3 min read |  Posted Sep 1, 2015

How to Create a Useful Customer Survey


Though it may sound simple, the easiest way to gather customer feedback is to just ask.

If you are thinking about surveying your customers after a transaction or other action, here are some tips to make sure you are gathering useful and actionable data.

1. Focus the survey

Before you begin writing questions for the survey, get clear on what the problem is that needs to be solved.

If, for example, you are planning an event and attendance had been down in the prior year, you may want to survey guests to find out why the event didn’t perform well.

Questions about what topics might be better attended, venue selection or time of year would all be relevant questions to help get the answers you need.

Because attention spans are short, try not to include questions that don’t directly lead you to the answer you are seeking.

Sure, it might be nice to know if the attendee liked the invitation or if they would prefer Pepsi over Coke, but neither of those details are likely to lead you to the larger answer of why attendance was down and what you can do to bring it back up.

2. Craft your questions

Using simple, straight forward language on your questions will ensure that users will understand the question the first time they read it.

Try to avoid questions with too many variables.

Asking about the “food and atmosphere at the venue” will leave you wondering which feature (food or atmosphere) respondents had in mind when they responded.

Redundant questions can frustrate a user, as can answers that seem too similar.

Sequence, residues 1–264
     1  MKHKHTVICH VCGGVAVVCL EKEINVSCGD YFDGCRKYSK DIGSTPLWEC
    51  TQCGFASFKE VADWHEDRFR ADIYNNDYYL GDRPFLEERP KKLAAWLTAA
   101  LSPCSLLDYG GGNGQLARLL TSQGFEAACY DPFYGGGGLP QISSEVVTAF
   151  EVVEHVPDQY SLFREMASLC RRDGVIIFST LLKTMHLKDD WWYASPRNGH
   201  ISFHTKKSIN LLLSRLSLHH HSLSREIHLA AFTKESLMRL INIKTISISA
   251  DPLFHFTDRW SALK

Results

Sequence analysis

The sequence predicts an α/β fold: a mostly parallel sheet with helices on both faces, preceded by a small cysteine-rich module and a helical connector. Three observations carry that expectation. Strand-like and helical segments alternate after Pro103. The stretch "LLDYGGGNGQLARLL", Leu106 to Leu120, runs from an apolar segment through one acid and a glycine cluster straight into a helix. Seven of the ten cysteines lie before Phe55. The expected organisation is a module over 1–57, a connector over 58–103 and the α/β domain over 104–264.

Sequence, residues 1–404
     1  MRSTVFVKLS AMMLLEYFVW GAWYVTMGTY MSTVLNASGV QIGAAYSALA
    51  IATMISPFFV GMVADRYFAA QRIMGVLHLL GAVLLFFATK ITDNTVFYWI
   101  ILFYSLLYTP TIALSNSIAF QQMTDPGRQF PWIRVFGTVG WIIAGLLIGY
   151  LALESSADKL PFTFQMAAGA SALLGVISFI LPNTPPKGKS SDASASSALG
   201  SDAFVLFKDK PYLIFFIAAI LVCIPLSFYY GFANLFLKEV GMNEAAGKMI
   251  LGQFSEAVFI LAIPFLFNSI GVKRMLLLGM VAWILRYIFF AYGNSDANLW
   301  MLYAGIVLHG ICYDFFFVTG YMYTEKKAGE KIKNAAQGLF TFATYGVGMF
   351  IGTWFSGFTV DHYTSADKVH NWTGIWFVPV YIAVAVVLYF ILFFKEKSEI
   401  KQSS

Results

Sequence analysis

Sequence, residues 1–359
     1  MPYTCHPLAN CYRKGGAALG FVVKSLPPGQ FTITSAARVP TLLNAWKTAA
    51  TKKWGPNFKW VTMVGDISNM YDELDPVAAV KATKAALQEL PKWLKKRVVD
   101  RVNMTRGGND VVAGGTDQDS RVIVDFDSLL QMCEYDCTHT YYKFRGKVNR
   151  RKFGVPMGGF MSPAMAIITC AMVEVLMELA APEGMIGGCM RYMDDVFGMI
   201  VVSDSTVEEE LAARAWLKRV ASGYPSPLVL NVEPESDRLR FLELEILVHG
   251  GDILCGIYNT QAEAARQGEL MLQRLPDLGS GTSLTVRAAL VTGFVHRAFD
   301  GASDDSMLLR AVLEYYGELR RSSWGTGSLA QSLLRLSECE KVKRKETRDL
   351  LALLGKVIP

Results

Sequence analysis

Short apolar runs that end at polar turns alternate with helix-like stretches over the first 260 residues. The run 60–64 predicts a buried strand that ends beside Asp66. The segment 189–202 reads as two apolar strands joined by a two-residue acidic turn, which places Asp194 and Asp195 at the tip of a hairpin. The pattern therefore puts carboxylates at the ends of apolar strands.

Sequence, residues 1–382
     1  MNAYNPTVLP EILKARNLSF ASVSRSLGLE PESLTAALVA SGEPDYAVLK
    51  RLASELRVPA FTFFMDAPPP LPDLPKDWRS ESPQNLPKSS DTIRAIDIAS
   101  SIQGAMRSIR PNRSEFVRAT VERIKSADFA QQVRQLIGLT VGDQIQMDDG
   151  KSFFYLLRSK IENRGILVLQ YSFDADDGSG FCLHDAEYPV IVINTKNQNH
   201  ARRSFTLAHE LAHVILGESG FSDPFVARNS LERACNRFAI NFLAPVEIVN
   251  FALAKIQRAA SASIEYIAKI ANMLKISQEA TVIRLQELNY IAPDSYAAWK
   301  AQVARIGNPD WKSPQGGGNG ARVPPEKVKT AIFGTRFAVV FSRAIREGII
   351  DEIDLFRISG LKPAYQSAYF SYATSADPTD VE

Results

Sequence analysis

3. Determine the target for your survey

Sending a post-transaction survey to someone who has never done business with you will confuse them, skew results if they take it and decrease the overall value of the survey.

Writing questions tailored to your target audience will increase the response rate of your survey and result in more valuable data.

4. Test before you send

Before you send your survey off to the recipients, comb through it for spelling and grammatical errors, potential offensive language or statements, logic errors, or anything that may confuse a user.

Have multiple people take a look at it to make sure the test is crystal clear and free of errors.

5. Increase open rates

Email remains the primary channel for distributing surveys which means that increasing the open rate is paramount for the sender.

Optimizing your subject line is one way to help increase your open rate.

The subject line should let people know that feedback is requested and why it might behoove them to take the survey.

For someone who feels strongly one way or another, the subject line “Your feedback can make a difference” might be just what it takes to get them to open the survey and click through to take it.

6. Share the results

Many times respondents will take a survey and never hear another word about it.

In order to let the users know that their voice has been heard, share the survey results with them.

Many people will be interested to hear what feedback you received that lead you to make changes to your company, products or process.



Following these 6 tips for a better survey will help you collect actionable data that can help you gain insight in to how your customers perceive you and your company.

Getting customer feedback is an underutilized marketing tool that could help you unearth:

  • product or customer service flaws,
  • areas of excellence and,
  • fantastic verbiage for marketing materials.

It can be scary to open yourself and your business up to unfiltered reviews; however, the learning that comes from this feedback can be invaluable.


Randy Monroe